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Poor perimeter defense proved costly against Hawks

You can live with some deep shots, but not with consistently blowing rotations.

Boston Celtics v Atlanta Hawks Photo by Scott Cunningham/NBAE via Getty Images

As the Celtics entered the fourth quarter, there was a fleeting moment that felt like a fairytale comeback was a possibility. Not because the Celtics were playing with urgency, but because of how gutless they had played leading up to the final stretch. The scene was set: the struggling team getting blown out, waiting for a Herculean fourth quarter from somebody, anybody, but ultimately, nobody rose to the occasion.

Defensively, Atlanta reverted to the scheme which won them their first game against Boston: push up hard on three-point shooters and force them to drive and close the passing lanes. Overall, the scheme worked, as the Celtics struggled to find a rhythm.

Offensively, the Hawks were unconscious from deep, putting on a performance fit for a Harlem Globetrotters matinee. We had makes from the logo, deep sideline, off screens, off the catch. Basically, Atlanta got whatever they wanted with very little resistance from a dejected Celtics team.

But how many of Atlanta’s long-range homing missiles were due to poor coverages, and how many were shots you could live with on a nightly basis?

Shots like this one, you live with those. Short of playing a half-court press, there’s not much you can do when a player is hitting from what’s essentially half court. If Atlanta had beat Boston from this distance all night, there would be little complaining we could do, but unfortunately, shots like this were the exception and not the rule.

Far too often, the Celtics got sucked in on the drive and failed to provide adequate help defense on the perimeter, forcing Boston to react with fly-by close outs to try and disturb a shooter who was usually already in motion.

Watch Tatum on this play. Gallinari has found Snell on the perimeter, and the Hawks quickly get into a pick-and-roll opportunity. Tristan Thompson is playing drop, and Aaron Nesmith is guarding Snell. Firstly, Thompson’s focused on the ball handler and not reading the play, allowing John Collins an easy roll into the paint. Secondly, Nesmith does a great job of fighting over the screen and staying connected to Snell on the drive.

Tatum, who is guarding Gallinari, sinks into the paint to tag Collins. Unfortunately, if Thompson had been more tuned in, the tag wouldn’t have been necessary. More importantly, Tatum has no business sinking that deep into the paint as a tag man - the drive is essentially over at this point, making the tag irrelevent.

Ideally, you want your tagger to rotate over and either kill or slow the drive, not come from behind, as the impact of tagging is immediately diminished.

Here’s another defensive possession that breaks down. Trae Young is like a black hole of defense, sucking in everything in his orbit. Jeff Teague starts this play on the strong side, around the dunker spot. As Young drives, Snell relocates to open the lane, but Teague gets caught up in Young’s gravity as three players try to stop him around the rim. The result? An easy swing pass across the baseline to find Snell open in the weak side corner.

No idea what Teague was doing here; he doesn’t have the size to protect the rim, and his presence in the paint only serves to highlight Young’s gravity.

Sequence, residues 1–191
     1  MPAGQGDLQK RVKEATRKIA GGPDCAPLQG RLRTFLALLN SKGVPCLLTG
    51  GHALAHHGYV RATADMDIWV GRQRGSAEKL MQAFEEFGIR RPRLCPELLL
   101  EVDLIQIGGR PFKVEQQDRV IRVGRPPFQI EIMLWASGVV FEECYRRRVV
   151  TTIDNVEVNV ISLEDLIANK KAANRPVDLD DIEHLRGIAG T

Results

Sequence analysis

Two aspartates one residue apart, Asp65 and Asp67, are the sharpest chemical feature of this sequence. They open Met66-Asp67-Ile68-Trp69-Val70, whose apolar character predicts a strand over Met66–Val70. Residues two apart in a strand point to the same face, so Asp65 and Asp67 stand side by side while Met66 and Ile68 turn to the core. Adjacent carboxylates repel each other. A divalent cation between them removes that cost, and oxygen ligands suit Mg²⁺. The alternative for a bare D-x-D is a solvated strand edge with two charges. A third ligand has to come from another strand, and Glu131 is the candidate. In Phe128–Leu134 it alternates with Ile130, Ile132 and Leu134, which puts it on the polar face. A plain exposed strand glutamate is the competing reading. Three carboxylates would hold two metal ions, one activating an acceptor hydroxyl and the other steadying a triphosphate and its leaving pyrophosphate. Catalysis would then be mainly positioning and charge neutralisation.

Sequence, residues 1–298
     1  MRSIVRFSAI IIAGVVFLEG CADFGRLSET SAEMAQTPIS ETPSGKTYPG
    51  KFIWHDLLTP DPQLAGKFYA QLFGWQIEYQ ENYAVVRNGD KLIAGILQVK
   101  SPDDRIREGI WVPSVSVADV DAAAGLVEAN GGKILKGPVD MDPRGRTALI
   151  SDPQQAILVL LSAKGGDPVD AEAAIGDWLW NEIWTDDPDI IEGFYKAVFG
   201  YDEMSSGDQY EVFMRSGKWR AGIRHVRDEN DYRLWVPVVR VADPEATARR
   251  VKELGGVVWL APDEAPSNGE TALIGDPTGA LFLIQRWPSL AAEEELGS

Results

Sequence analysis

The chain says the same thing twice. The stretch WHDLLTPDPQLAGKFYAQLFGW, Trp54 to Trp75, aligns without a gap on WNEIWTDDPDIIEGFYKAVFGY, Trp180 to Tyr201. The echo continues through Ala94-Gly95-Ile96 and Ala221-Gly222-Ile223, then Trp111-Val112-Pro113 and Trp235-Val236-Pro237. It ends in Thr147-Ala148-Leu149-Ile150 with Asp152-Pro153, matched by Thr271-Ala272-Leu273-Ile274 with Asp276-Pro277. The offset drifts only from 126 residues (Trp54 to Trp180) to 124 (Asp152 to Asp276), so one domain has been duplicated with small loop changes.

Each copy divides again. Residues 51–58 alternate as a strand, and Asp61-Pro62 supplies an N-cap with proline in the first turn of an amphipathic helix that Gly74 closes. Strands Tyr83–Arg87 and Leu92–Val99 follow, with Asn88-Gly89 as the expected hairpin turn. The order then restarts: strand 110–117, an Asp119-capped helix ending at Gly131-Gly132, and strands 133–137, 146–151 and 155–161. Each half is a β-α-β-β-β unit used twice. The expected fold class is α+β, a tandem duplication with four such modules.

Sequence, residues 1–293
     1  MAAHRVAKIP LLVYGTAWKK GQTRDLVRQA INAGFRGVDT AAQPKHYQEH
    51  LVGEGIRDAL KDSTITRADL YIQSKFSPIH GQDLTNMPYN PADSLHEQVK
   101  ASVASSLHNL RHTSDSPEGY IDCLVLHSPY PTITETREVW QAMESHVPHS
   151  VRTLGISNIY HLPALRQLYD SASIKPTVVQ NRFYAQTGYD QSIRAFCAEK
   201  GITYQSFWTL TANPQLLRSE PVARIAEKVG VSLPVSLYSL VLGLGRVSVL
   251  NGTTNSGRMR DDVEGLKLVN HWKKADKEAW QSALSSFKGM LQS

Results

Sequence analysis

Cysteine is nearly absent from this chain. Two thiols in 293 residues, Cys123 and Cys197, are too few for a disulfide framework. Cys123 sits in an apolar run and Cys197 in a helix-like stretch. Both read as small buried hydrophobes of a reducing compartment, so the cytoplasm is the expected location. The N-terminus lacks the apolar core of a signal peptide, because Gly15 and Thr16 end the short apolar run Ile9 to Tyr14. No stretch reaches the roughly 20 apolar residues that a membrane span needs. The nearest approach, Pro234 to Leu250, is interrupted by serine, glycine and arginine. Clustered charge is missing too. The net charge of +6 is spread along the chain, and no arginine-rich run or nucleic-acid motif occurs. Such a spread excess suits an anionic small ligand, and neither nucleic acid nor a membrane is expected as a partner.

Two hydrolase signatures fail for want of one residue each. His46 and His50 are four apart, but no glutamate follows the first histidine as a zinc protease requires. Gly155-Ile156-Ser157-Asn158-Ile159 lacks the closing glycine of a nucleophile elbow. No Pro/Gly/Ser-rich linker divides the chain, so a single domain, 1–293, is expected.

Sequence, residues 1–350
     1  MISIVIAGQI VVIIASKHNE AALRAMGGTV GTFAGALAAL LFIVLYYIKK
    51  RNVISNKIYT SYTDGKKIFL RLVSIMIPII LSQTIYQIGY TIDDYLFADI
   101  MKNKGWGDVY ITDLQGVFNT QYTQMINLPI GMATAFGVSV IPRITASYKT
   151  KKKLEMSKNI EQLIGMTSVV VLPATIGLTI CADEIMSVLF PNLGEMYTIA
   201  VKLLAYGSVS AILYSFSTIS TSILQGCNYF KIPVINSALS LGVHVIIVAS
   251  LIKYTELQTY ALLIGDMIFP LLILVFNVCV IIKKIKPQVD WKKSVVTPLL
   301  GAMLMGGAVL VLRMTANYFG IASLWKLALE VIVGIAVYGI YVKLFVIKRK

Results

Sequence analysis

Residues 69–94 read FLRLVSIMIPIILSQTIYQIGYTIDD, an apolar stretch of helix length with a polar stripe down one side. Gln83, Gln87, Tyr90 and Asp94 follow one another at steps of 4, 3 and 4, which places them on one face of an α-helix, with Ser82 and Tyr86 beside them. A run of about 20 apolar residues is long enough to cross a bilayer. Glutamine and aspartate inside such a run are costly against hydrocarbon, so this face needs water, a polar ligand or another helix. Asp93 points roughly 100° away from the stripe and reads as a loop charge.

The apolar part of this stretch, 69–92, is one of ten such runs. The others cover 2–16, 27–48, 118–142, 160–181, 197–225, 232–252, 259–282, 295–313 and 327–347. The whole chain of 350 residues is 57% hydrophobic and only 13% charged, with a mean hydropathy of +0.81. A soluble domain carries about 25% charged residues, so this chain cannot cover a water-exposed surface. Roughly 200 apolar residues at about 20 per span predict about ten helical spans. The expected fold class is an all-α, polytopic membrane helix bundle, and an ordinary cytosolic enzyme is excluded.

Oh look! Another blown coverage!

What is the point in running a drop defense if you’re not going to switch the pick-and-roll? The guard should add initial pressure after the ball screen and switch onto the perimeter with the big man dropping into the paint. If the offensive big rolls, then once the defensive guard is up to touch with the ball handler, the defensive big switches back onto the roll man.

Here, Collins is the screener and remains on the perimeter. Teague should apply momentary pressure on Young and then recover to Collins to either deter the pass or provide a modicum of resistance. Instead, Teague plays Trae Young’s game, allowing easy access to Collins, with plenty of time to drain the jumper. Pitiful perimeter protection.

In fairness, not every Atlanta bomb was the product of atrocious defense. Sometimes it was just great offense.

Semi Ojeleye and Jeff Teague defend the pick-and-roll perfectly in the above clip, killing any advantage before the offense has time to capitalize. Unfortunately, when a star has a bee in his bonnet and is out to avenge an All-Star snub, the perfect defense isn’t always enough to stop them.

It was a similar story with Gallinari - marginalized in the team’s first two meetings, yet unstoppable on the night, as he punished every micro-adjustment the Celtics made.

So how many of the Hawks’ threes were based on fortune? In truth, not many. The Celtics handed a bunch of these shots to Atlanta on a platter, as their lack of communication and defensive cohesion provided far too much space for a roster littered with sharpshooters.

The good news is that most of these mistakes are an easy fix - better communication and concentration mixed with some pride. The bad news is, these mistakes have blighted the Celtics for the majority of the season, with only fleeting moments of their defensive potential providing any form of hope.

As we edge closer to the All-Star break, the Celtics are in a tricky spot. A team that consists of this much youth will always be inconsistent, but they must remain focused on improvement. Otherwise, should the youth allow this run to affect on their confidence, this won’t be the last mauling we see the team succumb to.

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